Difficulty swallowing should be evaluated by a speech and language pathologist. Based on the results, a specific type of diet (food texture and size) that would be suitable can be provided.
Sometimes if there is dysphagia (difficulties in swallowing) or delayed gastric emptying (bloating and feeling overly full following a meal) it may be better to eat 5 or 6 smaller meals throughout the day instead of 3 larger meals.
Don’t waste your appetite on empty calories, i.e. foods with little nutritional value such as potato chips or candy bars. Choose instead nutritionally dense foods such as peanut butter cheese, yogurt etc.
If meal preparation is difficult for you, enlist the help of family or friends or on a good day prepare extra meals yourself that can be frozen and reheated when needed. Depending on where you live there may be government community services or private companies that deliver ready-made meals as well. And make food preparation easier by using the many easy and convenient short cuts that are available when preparing your meals. Buy precut vegetables, premarinated meats and ready made sauces. Not to mention the huge variety of fully prepared and often healthy meals that can be found in your supermarket deli, frozen food aisle or grocery store shelves. If physically getting to the store is difficult, enlist the services of a grocery delivery service

Supplementary shakes or nutritional supplements can provide much needed extra, nutritionally dense calories between meals.
Save your drinks for after or between your meals so that you don’t eat a smaller amount of nutritious foods because you’ve filled up with liquids.
Exercise. This is necessary for everyone regardless of age or health but is particularly important for those with Parkinson’s for a number of reasons including maintaining a healthy weight, increasing muscle mass and bone strength.
The amino acids in protein compete with dopamine replacement being absorbed and in some individuals this can result in poor symptom control when Parkinson’s medications are taken around a protein-rich meal. In those situations, taking medications a half hour prior to or two hours after a meal containing protein is recommended. At one time protein restriction was used to manage this issue but now it is increasingly recognized that this approach can actually result in malnourishment and weight loss. Taking medications on an empty stomach or protein redistribution may be more appropriate. In this latter scenario, protein intake is primarily included late in the day when fewer active commitments may be scheduled.
Most of these points are logical and fairly easy to incorporate into your daily routine. What they all have in common is the need to first recognize the problem and then active management of the issue. You must treat your nutritional status as an important factor in maintaining your general health and quality of life; a necessary aspect to optimize so that you are able to face the many other challenges of Parkinson’s disease.



Parkinson’s Disease: The Mystery, the Myth and the Magic


Despite its prominence in contemporary literature and the text book symptoms, diagnosis and “standard of care” treatments, there’s a lot of myth and misinformation floating around about this disease.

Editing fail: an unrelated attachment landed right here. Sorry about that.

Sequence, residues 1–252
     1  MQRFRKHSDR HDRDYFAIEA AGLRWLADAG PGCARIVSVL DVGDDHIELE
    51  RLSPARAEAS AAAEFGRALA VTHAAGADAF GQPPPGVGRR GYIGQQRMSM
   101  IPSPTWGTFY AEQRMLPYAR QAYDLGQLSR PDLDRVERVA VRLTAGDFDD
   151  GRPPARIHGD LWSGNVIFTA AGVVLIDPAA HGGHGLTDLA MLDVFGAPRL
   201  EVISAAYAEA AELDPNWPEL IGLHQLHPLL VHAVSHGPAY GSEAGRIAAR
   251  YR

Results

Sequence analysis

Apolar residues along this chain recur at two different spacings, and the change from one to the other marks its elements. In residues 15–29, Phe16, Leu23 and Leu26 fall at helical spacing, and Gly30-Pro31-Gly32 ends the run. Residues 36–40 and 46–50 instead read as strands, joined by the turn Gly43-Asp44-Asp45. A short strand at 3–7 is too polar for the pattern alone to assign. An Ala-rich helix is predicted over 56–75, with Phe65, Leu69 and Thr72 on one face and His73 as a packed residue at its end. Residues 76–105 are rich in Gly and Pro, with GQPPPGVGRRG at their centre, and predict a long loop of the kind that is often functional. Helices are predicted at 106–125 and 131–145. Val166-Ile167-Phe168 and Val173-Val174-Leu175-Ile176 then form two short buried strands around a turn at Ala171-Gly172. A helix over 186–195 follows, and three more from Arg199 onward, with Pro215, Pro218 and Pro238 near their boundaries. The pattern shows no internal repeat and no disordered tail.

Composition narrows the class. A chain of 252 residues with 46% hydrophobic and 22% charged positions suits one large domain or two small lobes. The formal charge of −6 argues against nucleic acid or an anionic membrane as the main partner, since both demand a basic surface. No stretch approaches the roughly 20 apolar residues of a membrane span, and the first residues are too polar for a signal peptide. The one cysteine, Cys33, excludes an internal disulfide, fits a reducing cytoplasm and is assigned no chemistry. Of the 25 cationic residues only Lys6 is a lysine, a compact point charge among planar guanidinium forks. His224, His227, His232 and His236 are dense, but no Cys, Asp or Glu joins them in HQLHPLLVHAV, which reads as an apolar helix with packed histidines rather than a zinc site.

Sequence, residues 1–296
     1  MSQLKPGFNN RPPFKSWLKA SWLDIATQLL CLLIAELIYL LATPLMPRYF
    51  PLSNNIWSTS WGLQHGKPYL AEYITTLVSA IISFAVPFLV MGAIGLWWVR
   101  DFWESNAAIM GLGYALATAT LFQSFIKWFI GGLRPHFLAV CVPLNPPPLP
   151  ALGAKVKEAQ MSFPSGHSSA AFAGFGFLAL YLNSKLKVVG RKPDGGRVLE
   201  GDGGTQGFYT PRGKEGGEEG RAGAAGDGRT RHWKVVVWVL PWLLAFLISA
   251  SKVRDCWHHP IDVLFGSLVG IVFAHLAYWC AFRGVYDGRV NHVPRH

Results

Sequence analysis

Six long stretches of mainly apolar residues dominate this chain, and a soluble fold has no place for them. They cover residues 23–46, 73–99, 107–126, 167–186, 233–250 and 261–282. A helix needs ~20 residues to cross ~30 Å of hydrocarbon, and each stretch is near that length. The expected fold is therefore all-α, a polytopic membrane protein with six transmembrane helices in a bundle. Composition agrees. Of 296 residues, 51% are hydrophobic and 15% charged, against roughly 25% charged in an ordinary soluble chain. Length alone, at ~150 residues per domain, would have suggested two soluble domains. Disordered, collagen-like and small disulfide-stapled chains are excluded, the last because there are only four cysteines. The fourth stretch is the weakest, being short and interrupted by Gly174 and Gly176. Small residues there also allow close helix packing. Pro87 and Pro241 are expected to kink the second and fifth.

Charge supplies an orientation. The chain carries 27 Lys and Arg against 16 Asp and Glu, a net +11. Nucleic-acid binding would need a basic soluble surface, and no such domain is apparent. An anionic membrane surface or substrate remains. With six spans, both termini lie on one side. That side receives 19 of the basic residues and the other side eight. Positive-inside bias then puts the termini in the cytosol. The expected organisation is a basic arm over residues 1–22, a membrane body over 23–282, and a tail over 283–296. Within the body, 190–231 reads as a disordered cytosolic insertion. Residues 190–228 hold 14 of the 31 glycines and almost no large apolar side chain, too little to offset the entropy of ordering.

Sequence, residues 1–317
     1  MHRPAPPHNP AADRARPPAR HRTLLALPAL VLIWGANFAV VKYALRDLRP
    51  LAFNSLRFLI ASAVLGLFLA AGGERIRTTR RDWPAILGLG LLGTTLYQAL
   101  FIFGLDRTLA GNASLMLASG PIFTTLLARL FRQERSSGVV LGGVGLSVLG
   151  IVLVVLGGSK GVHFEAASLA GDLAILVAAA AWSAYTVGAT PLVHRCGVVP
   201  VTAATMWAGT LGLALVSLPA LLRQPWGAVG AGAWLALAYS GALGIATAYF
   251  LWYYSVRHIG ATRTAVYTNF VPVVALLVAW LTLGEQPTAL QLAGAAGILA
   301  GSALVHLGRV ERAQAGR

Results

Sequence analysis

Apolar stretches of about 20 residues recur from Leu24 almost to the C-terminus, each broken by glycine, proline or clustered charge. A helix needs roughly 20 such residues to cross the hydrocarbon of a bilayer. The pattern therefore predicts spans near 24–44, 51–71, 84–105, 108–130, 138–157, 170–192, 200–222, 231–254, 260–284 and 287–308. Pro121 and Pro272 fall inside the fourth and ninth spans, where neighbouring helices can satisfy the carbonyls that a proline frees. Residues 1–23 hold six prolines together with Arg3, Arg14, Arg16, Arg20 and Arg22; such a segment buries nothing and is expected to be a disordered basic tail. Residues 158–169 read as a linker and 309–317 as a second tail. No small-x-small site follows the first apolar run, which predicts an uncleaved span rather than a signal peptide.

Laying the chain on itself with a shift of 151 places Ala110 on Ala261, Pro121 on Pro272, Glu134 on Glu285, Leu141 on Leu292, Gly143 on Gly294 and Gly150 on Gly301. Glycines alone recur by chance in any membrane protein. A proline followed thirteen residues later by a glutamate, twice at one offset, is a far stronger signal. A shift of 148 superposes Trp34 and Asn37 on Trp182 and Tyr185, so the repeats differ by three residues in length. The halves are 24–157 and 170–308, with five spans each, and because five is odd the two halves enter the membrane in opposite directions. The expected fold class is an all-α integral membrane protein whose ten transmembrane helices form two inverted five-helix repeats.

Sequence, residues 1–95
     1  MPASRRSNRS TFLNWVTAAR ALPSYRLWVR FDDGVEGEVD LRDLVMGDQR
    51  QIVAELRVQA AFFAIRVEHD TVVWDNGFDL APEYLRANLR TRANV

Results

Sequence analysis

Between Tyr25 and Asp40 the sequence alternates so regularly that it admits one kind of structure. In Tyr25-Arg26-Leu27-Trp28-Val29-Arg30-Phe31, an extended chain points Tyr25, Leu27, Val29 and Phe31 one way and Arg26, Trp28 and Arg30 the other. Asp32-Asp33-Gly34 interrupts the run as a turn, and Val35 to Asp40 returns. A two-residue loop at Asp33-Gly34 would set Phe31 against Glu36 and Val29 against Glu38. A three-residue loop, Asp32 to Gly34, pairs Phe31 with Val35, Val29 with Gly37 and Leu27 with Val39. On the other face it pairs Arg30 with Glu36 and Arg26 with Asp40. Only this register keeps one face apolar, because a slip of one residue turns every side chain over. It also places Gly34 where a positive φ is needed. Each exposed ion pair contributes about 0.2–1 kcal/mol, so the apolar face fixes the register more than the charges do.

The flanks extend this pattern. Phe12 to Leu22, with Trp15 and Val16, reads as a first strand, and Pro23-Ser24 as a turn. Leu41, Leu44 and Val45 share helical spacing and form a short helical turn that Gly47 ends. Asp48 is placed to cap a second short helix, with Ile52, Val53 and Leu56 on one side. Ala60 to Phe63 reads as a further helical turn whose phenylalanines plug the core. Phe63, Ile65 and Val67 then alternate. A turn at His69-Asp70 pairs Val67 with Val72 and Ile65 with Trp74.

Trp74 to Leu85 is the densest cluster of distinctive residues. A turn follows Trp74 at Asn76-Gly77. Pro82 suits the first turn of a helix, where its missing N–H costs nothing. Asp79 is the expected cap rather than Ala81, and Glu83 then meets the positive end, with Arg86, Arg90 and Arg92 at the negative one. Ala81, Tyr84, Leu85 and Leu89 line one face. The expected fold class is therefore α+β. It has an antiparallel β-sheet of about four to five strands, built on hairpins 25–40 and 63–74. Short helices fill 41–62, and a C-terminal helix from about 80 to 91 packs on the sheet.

Plus, most of the authoritative answers are written in medical language that you need a medical degree to understand. You shouldn’t be confused about Parkinson’s simply because you didn’t go to medical school.

Parkinson’s is a condition that has been known about since ancient times. It is referred to in the ancient Indian medical system of Ayurveda under the name Kampavata. In Western medical literature it was described by the physician Galen as “shaking palsy” in AD 175. However it was not until 1817 that a detailed medical essay was published on the subject by London doctor James Parkinson.

The publication was entitled “An Essay on the Shaking Palsy.” This established Parkinson’s diseaseas a recognized medical condition. The essay was based on six cases he had observed in his own practice and on walks around his neighborhood. The essay was intended to encourage others to study the disease. Some 60 years after it was first published, a French neurologist by the name of Jean Martin Charcot did exactly that. Charcot was the first to truly recognize the importance of Parkinson’s work and named the disease after him.

Much has been learned about the disease yet much remains a mystery. The symptoms are progressive and degenerative and tend to be more common in older individuals. It is understood that a dopamine deficiency in the brain is at the root of the matter, yet why this initially occurs is less clear. It wasn’t until the 1960s that that the chemical differences in the brains of Parkinson’s patients were identified. The low levels of dopamine cause the degeneration of nerve cells in part of the brain called the substantia nigra. It was this discovery that lead to the first effective medicinal treatment of the disease. In the 1960s, the drug Levodopa was first administered to treat the symptoms and has since become the “gold standard” in medication.


Since the 1960s, research has continued to progress at a rapid rate. Despite the fact there is still no cure (The Myth), the symptoms can now be effectively controlled and reduced in severity. TheParkinson’s Disease Foundation was established in America in1957 to assist sufferers and to fund and promote further research. Many other foundations assisting the cause have been established in the following years.